You know when you have a brilliant idea and think it’s infallible, but then it is just a huge letdown on every level? That about sums up the Royal Adelaide Show for me this year.
Entries close for the Adelaide Royal, way back in May, so it is months between putting entries in and going, so it’s very easy to think ‘oh I have plenty of time to get organised’. In short, I was not at all organised or prepared and I have learned my lesson big time.
My intention in entering was mainly as a marketing opportunity. I mean, how many people go to the show, and want to see and pat the Clydesdales? I know I always did!! My idea was to enter classes spread throughout the week, but between classes stand at the stables with a ‘carriage of Occasion’ sign up, allow people to pat them, and hand out brochures. We also had scheduled a nursing home visit, to Wayville eldercare for Monday afternoon. It was all looking like a great idea.
I had my sign, made up brochures, and set up a promo code, and all looked sweet.
My harness and carts are lovely, but they are commercial vehicles, not suited to the show ring. Some very generous friends offered all of the gear I needed to compete, I decided (back in May) that Henry would do the singles classes, Angus would come down for the pairs classes, and it would be all smiles, marketing and ribbons, not to mention bookings and exposure.
The Royal show arrived much quicker than expected, as time does, and Henry and I arrived the day before our first class. He was reasonably settled and seemed content in his stable, so we set up our bed in Angus’s stable and started thinking about the week ahead. I bathed him, then realised I brought the wrong rugs that didn’t fit him, but that was to be the least of our worries.
We then found out that we were expected to participate in the grand parade. It was here that I realised how big my oversight was. Henry is a very easy content horse, when in his comfort zone. At this point, it dawned on me, how far out of his comfort zone we were. I was expecting henry to work in a different style of harness, with an unfamiliar cart, in a completely new environment, without Angus next to him.
It was never going to work.
We obtained an exemption from the grand parade, but then I realised I could ride him in it, which would ultimately allow him to see the main arena, in a much more reassuring situation.
I tacked him up, then mounted, and we waited for what seemed like an eternity. He started flicking his head and doing funny things, but I figured it was just the atmosphere.
Grand Parade was fun. A led steer got loose and started heading straight for us. This unnerved Henry slightly, so we stood and looked at it for a bit, but then he found the braves to carry on. We did a couple of laps of the arena at a trot, but I noticed he was holding his head to the right a bit, and I can’t say that I had noticed this previously. Again I assumed it was just the atmosphere.
We settled for the night, with lots of reassurance through the fireworks, then again at 2:30 am when a street sweeper sounded like it was coming through our stable.
Work time for harness horses in the arena is 7-8 am. We were up bright and early to feed, bearing in mind our class was at 9:20, so we had lots of cleaning and plaiting to do to get ready.
We harnessed him up and headed to the main arena. He was ok, but the tension was increasing. He was very unsure of the ponies in viceroys trotting past, the tractors moving judges’ boxes, just everything really. He was getting more and more upset and started chewing more and more on the bit.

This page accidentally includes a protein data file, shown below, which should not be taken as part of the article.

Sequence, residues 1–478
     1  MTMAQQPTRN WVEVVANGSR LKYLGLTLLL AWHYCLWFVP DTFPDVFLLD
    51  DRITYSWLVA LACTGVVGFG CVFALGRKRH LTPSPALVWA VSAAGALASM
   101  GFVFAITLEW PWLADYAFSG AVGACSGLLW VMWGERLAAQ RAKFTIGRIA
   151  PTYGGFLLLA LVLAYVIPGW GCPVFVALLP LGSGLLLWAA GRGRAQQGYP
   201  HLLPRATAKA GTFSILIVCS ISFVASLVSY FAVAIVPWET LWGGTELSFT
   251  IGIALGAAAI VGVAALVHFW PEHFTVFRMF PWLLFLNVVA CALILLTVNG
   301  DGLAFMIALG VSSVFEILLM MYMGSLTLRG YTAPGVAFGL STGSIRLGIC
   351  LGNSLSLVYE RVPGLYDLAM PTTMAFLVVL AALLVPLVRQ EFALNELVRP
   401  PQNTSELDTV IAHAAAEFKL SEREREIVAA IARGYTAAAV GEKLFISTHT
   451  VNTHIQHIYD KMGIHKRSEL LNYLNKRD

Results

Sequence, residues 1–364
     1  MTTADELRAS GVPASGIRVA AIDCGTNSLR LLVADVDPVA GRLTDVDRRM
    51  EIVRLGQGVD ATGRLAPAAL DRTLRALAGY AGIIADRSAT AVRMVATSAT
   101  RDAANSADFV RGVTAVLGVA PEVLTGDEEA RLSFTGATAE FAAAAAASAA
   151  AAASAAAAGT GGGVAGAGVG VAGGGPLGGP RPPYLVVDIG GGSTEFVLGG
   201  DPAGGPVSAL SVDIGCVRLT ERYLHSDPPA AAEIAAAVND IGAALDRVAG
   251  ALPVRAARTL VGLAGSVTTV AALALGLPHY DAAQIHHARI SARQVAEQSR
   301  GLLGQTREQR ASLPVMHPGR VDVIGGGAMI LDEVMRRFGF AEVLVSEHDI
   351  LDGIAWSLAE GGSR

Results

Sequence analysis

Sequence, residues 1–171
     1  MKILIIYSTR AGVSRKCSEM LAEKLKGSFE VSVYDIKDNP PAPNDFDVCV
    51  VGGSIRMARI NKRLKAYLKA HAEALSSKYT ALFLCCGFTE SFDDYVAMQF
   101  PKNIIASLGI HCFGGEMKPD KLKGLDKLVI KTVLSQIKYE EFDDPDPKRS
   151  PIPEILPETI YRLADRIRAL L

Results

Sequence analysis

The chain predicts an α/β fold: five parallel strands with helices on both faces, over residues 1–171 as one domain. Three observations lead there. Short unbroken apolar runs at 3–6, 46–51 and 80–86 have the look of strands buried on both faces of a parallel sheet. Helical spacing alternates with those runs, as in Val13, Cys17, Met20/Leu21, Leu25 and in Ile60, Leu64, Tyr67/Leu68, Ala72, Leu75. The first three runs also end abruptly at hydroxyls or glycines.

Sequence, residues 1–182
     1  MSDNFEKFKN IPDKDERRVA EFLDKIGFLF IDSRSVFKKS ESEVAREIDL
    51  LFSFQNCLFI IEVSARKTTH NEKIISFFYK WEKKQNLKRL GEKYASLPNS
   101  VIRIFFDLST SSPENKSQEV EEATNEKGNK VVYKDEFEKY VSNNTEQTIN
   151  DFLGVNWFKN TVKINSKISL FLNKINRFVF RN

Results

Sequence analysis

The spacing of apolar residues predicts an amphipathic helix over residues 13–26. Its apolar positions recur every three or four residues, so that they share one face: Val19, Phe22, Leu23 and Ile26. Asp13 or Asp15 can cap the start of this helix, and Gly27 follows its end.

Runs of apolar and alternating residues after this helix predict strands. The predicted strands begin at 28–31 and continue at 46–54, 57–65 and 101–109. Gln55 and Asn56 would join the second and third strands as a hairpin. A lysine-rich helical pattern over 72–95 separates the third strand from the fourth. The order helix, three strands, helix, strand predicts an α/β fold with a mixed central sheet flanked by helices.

He then saw another clydie trot past in a cart, and he gave me the sign that he was not going to cope. At that point, I pulled the pin. Initially, I just pulled out of the class on Monday, intending to see if he would settle as the week went on. Unfortunately, when I untacked him, I noticed that he had chewed through his bit. I drive him in a rubber Mullen mouth snaffle. It has a metal core, so it couldn’t fail completely, but the rubber being broken left sharp pointy bits that would be poking him in the mouth.
His bit was a special order with a 6-week wait, so replacing it wasn’t an option. I couldn’t find any bit latex (a material that can be used to wrap the bit to fix it). I contemplated driving him in his riding bit.
In the meantime, I had my nursing home commitment to fulfil, so I put the saddle on him, chucked the small kid on his back, and led him across Wayville to the nursing home. He wasn’t as engaging with the residents as usual, but he was still calm and polite.
I could feel Henry’s tension climbing as we returned to the Showgrounds. When back in his stall, he did 3 wees in half an hour. While he was still eating and drinking, I was worried about him stress colicking. I decided to go home, so I called my husband and asked him to bring the float.
I have gone through different scenarios in my head over and over. Perhaps I should have stayed, taken Angus down too, and Henry would have settled. Then I could have competed in most of my classes and done the intended marketing, I could have driven him in his synthetic, but familiar harness, but what I keep coming back to, is I didn’t have his familiar bit.
Hindsight is a funny thing.
This week I had the dentist out. It turns out, that during the week of the Royal show, Henry was teething. He had a Right-hand side top Canine tooth erupting (something that happens around 8yo). Even if I did have the dentist out before the Royal, the same thing would have happened, as teeth erupt in their own time. This explains to me why he was doing unusual things with his head, regardless of the bit, and also reassures me that I made the right decision to come home.
An expensive lesson, but I am pleased I can listen to my horse, regardless of my disappointment.